Fort Lewis, WA MuseumsPuget Sound Museums - The greater Seattle Metro area has one of the highest densities of art and history museums in the US. In Pierce County, there are several museums.
The Washington State History Museum is in downtown Tacoma, fairly near the Tacoma Art Museum and the Museum of Glass. This museum features exhibits and hands-on activities related to Washington State history.
Just south of the base, in Olympia, is the Washington State Capitol. With guided tours offered daily, it is a must see and an easy day trip.
The Museum of Glass is focused on glass art, particularly but not exclusively the art of Dale Chihuly and his students. That being said, it collects glass art from around the world and has an eclectic collection. The museum features a hot shop, where visitors can watch glass art being created. There are also glass art education workshops for the artistically inclined. After enjoying the museum, visitors can cross over busy streets into the heart of Tacoma via the Glass Bridge.
The Tacoma Art Museum features northwest art, including a section of local glass art, with about a third of the collection non-northwest art.
The LeMay American Car Museum features about 500 cars, including some rarities, many classics, and a few very odd designs. This museum is in easy walking distance of the Tacoma Dome sports and convention center.
The Foss Waterway Seaport Museum has a large collection of recreational boats,. models, hands-on boat toys, and summer sea science camp programs.
The McChord Air Museum, right on base, features historic artifacts related to McChord especially, and military aviation in the Puget Sound area, and a collection of restored and preserved aircraft.
The Lewis Army Museum, also on base, is the only US Army museum on the West Coast. It features many artifacts from units historically assigned to Camp Lewis or Fort Lewis, including I Corps, the Medical Corps, and the 9th Infantry Division. Also on display are artifacts from enemies of various wars, alongside a collection of military vehicles and various disabled large weapons.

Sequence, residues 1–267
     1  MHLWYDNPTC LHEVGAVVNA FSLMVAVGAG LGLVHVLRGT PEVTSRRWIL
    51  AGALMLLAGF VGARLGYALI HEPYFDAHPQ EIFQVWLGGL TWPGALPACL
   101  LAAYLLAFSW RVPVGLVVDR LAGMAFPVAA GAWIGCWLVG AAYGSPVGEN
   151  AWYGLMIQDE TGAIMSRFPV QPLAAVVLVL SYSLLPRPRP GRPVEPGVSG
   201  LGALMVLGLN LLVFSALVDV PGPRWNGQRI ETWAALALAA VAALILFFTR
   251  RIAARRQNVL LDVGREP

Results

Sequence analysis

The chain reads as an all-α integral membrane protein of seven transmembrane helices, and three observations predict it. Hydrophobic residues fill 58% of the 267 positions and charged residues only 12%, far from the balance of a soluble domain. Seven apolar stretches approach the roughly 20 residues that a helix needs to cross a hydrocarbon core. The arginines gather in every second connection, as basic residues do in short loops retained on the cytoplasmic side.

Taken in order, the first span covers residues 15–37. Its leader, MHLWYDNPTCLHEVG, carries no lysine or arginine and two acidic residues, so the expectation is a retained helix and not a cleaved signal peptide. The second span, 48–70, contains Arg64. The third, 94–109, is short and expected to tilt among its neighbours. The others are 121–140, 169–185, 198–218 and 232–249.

Much further afield, the US Navy has two museums, the Puget Sound Navy Museum, and the Naval Undersea Museum, at separate locations in Kitsap County. The Washington National Guard Museum is the Guard's own at Camp Murray.
King County and the closer Seattle area has an even larger collection of museums. Many of these are science or technology museums. Briefly, these are the Boeing Museum of Flight, featuring aviation artifacts, and a large collection of aircraft and aerospace displays; the Museum of History and Industry, focusing on industry in Seattle; the Experience Music Project and Science Fiction Museum, exploring modern music (especially Seattle-area music) and three floors of science fiction exhibits; the Pacific Science Center, with three floors of science displays and demonstration, including a planetarium; and the Museum of Communications, focusing on telegraphs and telephones (you know, those things they used to talk in the 19th and 20th Centuries). The Burke Museum of Natural History is the only major natural history museum in the state.
Cultural museums in the area include the Nordic Heritage Museum (the area was largely settled by Scandinavians in the 19th Century), Northwest African American Museum; and the Wing Luke Museum (looking at Chinese and other Asian cultures in Seattle).
The Karshner Memorial Museum is a local Puyallup museum operated by the school district, performing a number of educational functions for local schoolchildren, including an onsite exhibit collection.